Due to the severity, speed and far-reaching impact of the global pandemic and subsequent lockdown to livelihoods, there was an urgency to provide relief, with little to no time to accurately assess, vet and address each situation on individual merit. Bulk communications were sent out, with little validation. There was no data or analytical insights into the offer, and no scoring or upfront risk assessment.

…there was an urgency to provide relief, with little to no time to accurately assess, vet and address each situation on individual merit.

While this was entirely outside of the usual and normally stringent requirements of South Africa’s financial services sector, it was an entirely necessary and empathic response to the extraordinary circumstances and existential threat posed by a raging global pandemic.

#2 RESPONSE PHASE

With the React phase closing out and as the financial services sector enters the Response Phase, it is now imperative to implement and understand “What exactly is appropriate for each customer”, given their unique and individual circumstances. This can only be achieved accurately through primary data, obtained directly from the customer.

It is crucial that communication is delivered in a uniform and consistent manner across all divisions and product offerings, and that financial institutions avoid the trappings of siloed approaches. The value for any bank is to have direct line of sight of the primary transactional account which will clarify the position of the customer.

The responsibility then falls on the financial services provider to get clarity from the customer as to when they expect to return to full employment, and whether there are any extenuating family circumstances or health issues that could impact the customers’ ability to financially recover.

…what exactly is appropriatefor each customer given their unique and individual circumstances?

While this was entirely outside of the usual and normally stringent requirements of South Africa’s financial services sector, it was an entirely necessary and empathic response to the extraordinary circumstances and existential threat posed by a raging global pandemic.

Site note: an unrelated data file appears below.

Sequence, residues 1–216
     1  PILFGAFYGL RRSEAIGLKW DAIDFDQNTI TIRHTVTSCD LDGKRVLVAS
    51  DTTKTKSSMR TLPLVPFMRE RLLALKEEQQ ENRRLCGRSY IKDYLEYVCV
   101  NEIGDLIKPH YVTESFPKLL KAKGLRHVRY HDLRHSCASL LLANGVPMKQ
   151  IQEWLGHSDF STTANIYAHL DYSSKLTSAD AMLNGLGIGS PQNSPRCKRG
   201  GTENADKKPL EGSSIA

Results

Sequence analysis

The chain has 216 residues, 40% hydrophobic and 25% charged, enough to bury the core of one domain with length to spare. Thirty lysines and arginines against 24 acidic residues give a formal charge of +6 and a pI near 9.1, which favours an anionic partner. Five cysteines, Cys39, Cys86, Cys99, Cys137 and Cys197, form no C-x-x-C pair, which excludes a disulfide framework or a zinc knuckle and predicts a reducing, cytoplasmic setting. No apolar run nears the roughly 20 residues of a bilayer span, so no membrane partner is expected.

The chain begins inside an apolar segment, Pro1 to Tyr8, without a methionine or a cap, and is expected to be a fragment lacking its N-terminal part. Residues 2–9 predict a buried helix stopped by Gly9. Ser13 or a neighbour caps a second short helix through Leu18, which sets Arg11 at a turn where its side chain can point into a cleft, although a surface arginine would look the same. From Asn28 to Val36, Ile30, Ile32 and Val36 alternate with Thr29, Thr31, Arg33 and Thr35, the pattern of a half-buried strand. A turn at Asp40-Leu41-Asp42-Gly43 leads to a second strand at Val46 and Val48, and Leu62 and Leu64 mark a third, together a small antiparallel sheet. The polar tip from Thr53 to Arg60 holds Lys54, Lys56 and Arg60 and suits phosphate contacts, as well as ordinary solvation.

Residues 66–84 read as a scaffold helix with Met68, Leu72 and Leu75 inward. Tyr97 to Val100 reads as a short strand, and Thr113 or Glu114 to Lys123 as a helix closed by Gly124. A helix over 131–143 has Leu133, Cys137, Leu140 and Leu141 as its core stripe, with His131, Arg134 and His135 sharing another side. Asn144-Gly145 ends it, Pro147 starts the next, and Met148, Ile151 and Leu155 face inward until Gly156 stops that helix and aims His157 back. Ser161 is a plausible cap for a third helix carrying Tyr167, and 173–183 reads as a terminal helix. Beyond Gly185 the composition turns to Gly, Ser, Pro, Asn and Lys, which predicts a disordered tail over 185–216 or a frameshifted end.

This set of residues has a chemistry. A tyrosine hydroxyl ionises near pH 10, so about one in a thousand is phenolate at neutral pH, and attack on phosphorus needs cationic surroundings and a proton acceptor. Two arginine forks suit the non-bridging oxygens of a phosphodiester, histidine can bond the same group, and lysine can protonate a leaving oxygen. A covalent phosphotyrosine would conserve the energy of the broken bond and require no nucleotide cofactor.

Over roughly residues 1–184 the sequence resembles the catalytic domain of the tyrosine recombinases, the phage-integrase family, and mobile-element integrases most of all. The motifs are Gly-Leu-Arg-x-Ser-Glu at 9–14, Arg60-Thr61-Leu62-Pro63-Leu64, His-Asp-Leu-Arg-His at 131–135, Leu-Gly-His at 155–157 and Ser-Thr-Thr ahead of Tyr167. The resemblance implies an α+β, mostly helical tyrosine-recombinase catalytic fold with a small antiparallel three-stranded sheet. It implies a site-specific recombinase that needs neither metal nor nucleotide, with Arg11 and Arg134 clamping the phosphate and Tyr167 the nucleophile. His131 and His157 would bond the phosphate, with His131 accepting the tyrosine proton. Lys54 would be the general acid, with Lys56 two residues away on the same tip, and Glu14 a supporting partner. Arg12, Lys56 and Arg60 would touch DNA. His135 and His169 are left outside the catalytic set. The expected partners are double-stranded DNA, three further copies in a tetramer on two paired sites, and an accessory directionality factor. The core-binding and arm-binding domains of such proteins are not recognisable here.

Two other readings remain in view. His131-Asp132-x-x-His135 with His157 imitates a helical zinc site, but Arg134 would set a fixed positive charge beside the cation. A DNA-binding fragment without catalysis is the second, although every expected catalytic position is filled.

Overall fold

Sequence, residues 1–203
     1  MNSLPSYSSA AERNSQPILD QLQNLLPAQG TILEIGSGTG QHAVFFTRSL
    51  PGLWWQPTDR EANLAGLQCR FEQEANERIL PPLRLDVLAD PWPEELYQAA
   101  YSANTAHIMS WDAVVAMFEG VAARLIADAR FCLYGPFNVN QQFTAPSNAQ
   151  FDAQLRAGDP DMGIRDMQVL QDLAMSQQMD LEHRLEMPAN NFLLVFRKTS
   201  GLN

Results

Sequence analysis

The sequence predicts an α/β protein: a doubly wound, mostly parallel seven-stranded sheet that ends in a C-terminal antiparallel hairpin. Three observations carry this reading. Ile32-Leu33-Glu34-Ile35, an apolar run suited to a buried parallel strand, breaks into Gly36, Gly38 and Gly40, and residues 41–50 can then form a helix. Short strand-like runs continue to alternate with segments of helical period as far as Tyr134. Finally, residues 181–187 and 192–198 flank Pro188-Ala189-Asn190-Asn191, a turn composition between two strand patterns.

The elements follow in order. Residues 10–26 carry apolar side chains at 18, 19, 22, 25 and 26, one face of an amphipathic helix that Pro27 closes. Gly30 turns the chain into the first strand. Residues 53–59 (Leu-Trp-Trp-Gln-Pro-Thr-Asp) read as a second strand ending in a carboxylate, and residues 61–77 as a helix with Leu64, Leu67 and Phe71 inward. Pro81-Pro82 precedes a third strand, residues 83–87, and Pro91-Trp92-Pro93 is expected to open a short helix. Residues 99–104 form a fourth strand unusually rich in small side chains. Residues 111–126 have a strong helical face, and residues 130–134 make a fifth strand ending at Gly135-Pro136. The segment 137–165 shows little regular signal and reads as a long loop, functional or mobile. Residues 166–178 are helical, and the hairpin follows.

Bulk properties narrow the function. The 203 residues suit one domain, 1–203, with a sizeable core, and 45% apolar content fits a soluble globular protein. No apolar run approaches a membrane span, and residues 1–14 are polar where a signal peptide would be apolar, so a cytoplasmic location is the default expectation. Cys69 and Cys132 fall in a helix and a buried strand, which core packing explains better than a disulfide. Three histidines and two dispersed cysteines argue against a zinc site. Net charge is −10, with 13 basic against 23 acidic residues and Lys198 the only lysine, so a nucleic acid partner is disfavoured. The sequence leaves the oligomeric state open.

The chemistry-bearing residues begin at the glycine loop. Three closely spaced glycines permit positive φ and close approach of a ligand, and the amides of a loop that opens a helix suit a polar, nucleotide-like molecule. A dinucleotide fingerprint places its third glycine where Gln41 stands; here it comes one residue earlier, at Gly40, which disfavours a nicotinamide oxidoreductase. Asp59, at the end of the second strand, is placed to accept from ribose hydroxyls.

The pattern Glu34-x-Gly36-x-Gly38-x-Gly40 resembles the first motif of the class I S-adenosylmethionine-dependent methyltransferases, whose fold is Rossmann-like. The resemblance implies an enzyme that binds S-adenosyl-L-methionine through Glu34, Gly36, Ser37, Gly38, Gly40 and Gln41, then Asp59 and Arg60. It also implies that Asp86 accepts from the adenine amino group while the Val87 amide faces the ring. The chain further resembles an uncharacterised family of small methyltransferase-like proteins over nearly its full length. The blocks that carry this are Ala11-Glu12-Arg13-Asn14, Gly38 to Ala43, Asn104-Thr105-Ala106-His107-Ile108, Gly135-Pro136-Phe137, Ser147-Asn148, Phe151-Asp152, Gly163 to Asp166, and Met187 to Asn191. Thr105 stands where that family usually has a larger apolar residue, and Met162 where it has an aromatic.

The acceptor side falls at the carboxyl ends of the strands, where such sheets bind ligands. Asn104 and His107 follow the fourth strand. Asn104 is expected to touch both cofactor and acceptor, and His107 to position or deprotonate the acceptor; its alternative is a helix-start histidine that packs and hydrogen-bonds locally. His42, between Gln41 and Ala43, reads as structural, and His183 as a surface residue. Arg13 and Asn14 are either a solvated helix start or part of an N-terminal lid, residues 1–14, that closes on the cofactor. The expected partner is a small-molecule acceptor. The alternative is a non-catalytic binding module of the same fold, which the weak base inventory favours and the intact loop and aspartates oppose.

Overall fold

#3 RECOVERY PHASE

It is a matter of time before distressed consumers and the market start engaging with the Financial Services Regulator. In the React phase, single, unqualified offers were acceptable given the crisis circumstances. However, as we get deeper into the pandemic, each customer must be managed and engaged on a merit basis.

Commercial impact to the consumer:

  • VAF: Ave R250k loan – Duration: 5 years.
  • 3-month payment freeze creates indebtedness to an already vulnerable consumer.
  • Affordability will most certainly become an issue with the regulator.

Credit bureau information is retrospective thus it cannot be relied on to provide insights in these radically altered circumstances. Our post-Covid circumstances have redefined radically different futures and in this
scenario, credit history is exactly that – history! It is no longer indicative of what can be expected from consumers going forward.
FSPs need to ask:

  • Are we acting in the best interest of the customer?
  • Has the appropriate action been taken?
  • Will the issue be resolved?

External and extenuating circumstances are crucially important factors:

  • Has the customer been retrenched and or spouse, or family member, lost their job?
  • How will the Financial Regulator view the situation?

Traditional statistics and approaches cannot be amplified to the present situation, as this is a completely new phenomenon, unprecedented in scope and nature.